- Prinz points out that different cultures have different morals and that opponents of relativism deny that this makes relativism true. After all, different cultures have different scientific beliefs too, but we don't say that these beliefs are all equally true. Prinz rejects this response, though, because "morals do not track differences in observation, and there also is no evidence for rational convergence as a result of moral conflicts." So ethics is not science, and the analogy between scientific disagreements and ethical disagreements breaks down at some point. It hardly follows that it never gets going in the first place.
- "Moral variation is best explained by assuming that morality, unlike science, is not based on reason or observation. What, then, is morality based on? To answer this, we need to consider how morals are learned." Isn't this a mistake about the meaning of "based on"? We get our morals from our parents, peers, preachers, and so on, at least for the most part. (It is also possible to innovate, to carry on a tradition, rule, or practice in some unexpected way, but this is rare.) But people who say that morals are based on reason surely do not deny this. They mean, I would have thought, that good morals can be given a rational justification. To see whether this is true we need to examine the alleged justification and see how rational it is, not consider how morals are learned.
- "Morality involves specific emotions." This is probably true, but I flag it because it sounds dangerously close to Hume's idea that moral approval and disapproval are specific inner objects that we identify with an inner sense. (At least I think Hume's view is something like this.) This is a bad theory.
- "If this picture is right, we have a set of emotionally conditioned basic values, and a capacity for reasoning, which allows us to extend these values to new cases. There are two important implications. One is that some moral debates have no resolution because the two sides have different basic values. This is often the case with liberals and conservatives." This might be true, but a) it isn't relativism, and b) I'm not convinced that liberals and conservatives admit to having very different values. It isn't relativism because relativism says that both sides are right, not simply that it might be impossible to reach an agreement. As for political disagreements, some are based on differences in knowledge (if you choose to get your news from people who like to suggest that Obama is a Kenyan, Muslim, communist then you might end up disagreeing with others for flat-out bad reasons, not because of different basic values), some are based on prejudices that the people who have them are ashamed of. Racism comes to mind, but perhaps hatred of the rich or envy of the successful might be a factor too. But few conservatives will happily say, "Yes, I'm racist, and that's just a basic value difference between us," just as few liberals will happily say, 'Yes, I hate rich people, and I want to punish them even if doing so helps no one." There are basic differences, I agree, but the differences that we are prepared to admit to, that are not guilty secrets, are rather few and small, I suspect.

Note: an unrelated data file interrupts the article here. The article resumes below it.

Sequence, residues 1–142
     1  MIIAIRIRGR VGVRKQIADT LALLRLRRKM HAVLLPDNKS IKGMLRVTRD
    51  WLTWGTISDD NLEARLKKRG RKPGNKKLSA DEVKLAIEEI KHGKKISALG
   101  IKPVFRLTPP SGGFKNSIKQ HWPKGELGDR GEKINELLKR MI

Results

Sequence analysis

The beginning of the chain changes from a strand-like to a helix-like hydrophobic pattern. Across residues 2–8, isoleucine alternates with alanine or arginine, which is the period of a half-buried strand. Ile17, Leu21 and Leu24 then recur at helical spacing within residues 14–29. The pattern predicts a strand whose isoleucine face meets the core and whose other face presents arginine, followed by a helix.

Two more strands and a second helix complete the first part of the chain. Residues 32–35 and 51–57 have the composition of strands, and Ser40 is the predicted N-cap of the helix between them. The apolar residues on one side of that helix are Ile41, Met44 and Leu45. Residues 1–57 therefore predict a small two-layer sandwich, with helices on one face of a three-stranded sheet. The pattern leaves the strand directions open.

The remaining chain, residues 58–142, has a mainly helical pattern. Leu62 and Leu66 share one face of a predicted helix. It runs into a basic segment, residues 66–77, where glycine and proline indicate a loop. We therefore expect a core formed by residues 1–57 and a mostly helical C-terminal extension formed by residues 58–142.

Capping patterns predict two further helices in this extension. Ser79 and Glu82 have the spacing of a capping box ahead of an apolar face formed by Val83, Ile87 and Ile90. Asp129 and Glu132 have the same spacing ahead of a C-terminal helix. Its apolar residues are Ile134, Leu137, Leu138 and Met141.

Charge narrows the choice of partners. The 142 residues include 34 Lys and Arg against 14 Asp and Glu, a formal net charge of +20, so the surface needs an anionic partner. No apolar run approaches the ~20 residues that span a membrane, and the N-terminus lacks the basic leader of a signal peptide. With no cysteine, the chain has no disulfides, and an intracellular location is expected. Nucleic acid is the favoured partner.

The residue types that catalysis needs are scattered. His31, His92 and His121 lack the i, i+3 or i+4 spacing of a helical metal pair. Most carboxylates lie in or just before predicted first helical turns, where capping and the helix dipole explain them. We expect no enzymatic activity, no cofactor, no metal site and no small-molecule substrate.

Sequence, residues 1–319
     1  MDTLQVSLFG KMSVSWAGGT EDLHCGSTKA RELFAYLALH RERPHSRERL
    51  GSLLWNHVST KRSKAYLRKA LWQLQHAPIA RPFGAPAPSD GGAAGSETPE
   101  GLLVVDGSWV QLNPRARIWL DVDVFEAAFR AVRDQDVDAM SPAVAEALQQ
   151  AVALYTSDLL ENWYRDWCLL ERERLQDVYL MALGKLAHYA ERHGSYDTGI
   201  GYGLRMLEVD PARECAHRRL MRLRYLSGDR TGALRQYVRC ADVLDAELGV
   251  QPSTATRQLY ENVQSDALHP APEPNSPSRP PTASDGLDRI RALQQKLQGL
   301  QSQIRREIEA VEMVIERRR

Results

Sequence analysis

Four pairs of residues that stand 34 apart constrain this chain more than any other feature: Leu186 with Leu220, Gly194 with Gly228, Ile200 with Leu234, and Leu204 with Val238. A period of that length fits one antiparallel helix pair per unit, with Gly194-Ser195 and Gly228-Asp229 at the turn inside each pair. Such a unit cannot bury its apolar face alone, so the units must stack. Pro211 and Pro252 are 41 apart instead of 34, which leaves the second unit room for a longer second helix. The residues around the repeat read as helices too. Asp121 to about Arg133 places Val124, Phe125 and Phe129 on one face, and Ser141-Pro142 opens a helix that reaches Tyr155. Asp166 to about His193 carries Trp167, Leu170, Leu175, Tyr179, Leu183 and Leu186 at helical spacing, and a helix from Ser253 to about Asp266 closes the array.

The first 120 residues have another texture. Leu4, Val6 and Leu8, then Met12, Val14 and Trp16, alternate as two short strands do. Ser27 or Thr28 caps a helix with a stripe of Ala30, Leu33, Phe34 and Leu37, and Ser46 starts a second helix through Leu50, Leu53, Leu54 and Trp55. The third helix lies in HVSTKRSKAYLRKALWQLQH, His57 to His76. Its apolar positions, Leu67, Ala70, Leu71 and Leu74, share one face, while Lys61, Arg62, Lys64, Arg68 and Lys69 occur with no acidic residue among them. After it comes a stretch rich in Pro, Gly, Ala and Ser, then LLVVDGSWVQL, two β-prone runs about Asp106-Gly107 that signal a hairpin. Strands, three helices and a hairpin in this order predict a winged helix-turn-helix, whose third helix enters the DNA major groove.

- "The second implication is that we cannot change basic values by reason alone." Agreed. But, again, this is not relativism.
- "The hypothesis that moral judgments are emotionally based can explain why they vary across cultures and resist transformation through reasoning, but this is not enough to prove that moral relativism is true. An argument for relativism must also show that there is no basis for morality beyond the emotions with which we have been conditioned." No. The basis for morality is irrelevant. As Prinz says at the start of his essay, relativists "believe that conflicting moral beliefs can both be true." An argument for relativism must show that this is a good belief to have. But can we believe that "It is good to eat the bodies of one's foes" is both true and false, true when asserted by a cannibal from a cannibal culture and false when asserted by someone like me? I don't think we can believe this, unless we use 'true' in some technical sense, meaning something like 'sincerely uttered.'
- "the problem with Hitler was not that his values were false, but that they were pernicious. Relativism does not entail that we should tolerate murderous tyranny. When someone threatens us or our way of life, we are strongly motivated to protect ourselves." But relativism does entail that when Hitler says "Jews are inferior" what he says is true (and that this is false when said by most other people). Why should we accept this? It isn't remotely acceptable.
- "Allegation: Relativism entails that moral debates are senseless, since everyone is right.Response: This is a major misconception. Many people have overlapping moral values, and one can settle debates by appeal to moral common ground. We can also have substantive debates about how to apply and extend our basic values. Some debates are senseless, however. Committed liberals and conservatives rarely persuade each other, but public debates over policy can rally the base and sway the undecided." This is close to a point I tried to make above. But the fact that committed liberals and conservatives rarely persuade each other does not mean that what both sides say is true.
Having said all that, I wonder now whether this would be good to give to students. Perhaps they could be challenged to find at least half a dozen errors in it. Or perhaps it's better than I think.